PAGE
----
The Dodd-Frank Act was signed into law by President Obama in July 2010. At over 2,300 pages long, the industry is still trying to digest the potential longer-term affects of Dodd-Frank. Two years on, it continues to create waves in the industry as it makes sweeping changes to the financial system, aiming to improve transparency and thus prevent further
financial collapses. The Dodd-Frank Act sets out rules giving the federal government the power to liquidate failing financial companies that could pose a risk to the US economy if they fell. Banks are also required to create ‘funeral plans’ so that they can swiftly dismantle and shutdown if they run into severe financial trouble.
These measures are intended to protect the taxpayer by avoiding further bailouts. One recent effect of the Dodd-Frank is that large banks now have to carry out stress tests. The Federal Deposit Insurance Corporation (FDIC) said in a statement that all banks with more than $10bn in assets will, from October 2013, need to conduct one annual stress test. Those with assets over $50bn will have to conduct two tests annually, with the first tests to be carried out within the year.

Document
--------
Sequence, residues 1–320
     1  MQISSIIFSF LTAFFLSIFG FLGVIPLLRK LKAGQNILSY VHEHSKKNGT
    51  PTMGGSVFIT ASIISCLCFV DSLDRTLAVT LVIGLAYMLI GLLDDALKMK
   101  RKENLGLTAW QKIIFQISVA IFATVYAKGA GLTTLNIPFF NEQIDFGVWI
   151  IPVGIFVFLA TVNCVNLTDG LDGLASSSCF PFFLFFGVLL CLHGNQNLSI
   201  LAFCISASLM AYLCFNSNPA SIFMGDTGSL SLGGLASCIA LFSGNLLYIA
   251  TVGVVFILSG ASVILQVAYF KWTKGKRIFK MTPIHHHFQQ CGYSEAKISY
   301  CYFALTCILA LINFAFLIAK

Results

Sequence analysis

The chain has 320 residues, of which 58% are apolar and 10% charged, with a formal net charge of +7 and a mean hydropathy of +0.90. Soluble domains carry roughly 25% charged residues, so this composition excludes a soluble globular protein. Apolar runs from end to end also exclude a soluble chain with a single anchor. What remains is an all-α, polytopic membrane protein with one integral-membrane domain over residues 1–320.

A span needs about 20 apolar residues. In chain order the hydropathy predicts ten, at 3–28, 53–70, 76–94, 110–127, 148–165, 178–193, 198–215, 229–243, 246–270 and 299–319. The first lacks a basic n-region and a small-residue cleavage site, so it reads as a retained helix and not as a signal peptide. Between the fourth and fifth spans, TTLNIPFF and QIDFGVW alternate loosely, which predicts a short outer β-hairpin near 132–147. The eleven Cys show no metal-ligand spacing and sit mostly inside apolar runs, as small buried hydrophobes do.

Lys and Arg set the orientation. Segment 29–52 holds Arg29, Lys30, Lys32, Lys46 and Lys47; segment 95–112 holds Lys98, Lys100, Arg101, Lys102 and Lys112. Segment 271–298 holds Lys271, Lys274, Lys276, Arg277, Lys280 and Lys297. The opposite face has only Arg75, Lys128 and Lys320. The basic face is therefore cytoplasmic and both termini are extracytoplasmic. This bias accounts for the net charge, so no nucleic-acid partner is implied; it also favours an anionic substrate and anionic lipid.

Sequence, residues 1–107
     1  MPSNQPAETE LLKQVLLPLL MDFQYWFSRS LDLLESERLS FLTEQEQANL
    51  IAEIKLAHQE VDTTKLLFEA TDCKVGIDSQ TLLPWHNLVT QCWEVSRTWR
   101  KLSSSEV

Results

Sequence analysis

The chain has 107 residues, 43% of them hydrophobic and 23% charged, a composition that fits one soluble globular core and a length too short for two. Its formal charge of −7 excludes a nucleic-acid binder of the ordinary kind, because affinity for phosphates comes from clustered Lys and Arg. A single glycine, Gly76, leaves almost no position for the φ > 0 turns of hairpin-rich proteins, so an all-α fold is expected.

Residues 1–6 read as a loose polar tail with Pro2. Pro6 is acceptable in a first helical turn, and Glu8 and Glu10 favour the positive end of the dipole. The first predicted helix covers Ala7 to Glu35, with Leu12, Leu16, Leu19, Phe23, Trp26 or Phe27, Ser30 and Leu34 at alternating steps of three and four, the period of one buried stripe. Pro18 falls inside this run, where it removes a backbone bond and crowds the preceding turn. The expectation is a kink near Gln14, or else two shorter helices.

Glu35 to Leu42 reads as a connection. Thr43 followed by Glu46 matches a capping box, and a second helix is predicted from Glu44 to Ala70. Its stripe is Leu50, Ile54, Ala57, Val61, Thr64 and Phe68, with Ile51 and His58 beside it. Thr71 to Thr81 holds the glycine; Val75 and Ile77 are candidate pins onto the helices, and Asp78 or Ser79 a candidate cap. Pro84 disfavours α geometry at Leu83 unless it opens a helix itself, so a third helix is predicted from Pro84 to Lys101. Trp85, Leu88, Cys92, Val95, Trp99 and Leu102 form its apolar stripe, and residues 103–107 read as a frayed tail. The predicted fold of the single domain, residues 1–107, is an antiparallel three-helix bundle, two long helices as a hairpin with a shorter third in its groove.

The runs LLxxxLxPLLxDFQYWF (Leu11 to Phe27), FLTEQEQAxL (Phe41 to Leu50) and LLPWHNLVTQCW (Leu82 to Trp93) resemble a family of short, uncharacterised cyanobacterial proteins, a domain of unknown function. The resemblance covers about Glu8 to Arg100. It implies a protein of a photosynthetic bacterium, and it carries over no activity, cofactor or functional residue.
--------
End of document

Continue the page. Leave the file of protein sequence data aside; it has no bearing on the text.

Financial consultancy practices are urging financial institutions to be aggressive when it comes to approaching the new Dodd-Frank regulations. Deloitte suggests that companies focus on four key areas: strategic efficiency; treating risk management as an investment rather than an expense; competing for talented workers; and improving data transparency.
These involve improving strategic and operational efficiency by reassessing their portfolios and eliminating redundant operations, reassessing the way they hire talent, and taking an advanced approach to risk management.
Although financial consultancy practices won’t forever be able to ride the benefits that the implementation of new regulations bring, it seems they can expect something of a golden period over the coming years while the world’s institutions move to prepare themselves for the various regulation deadlines.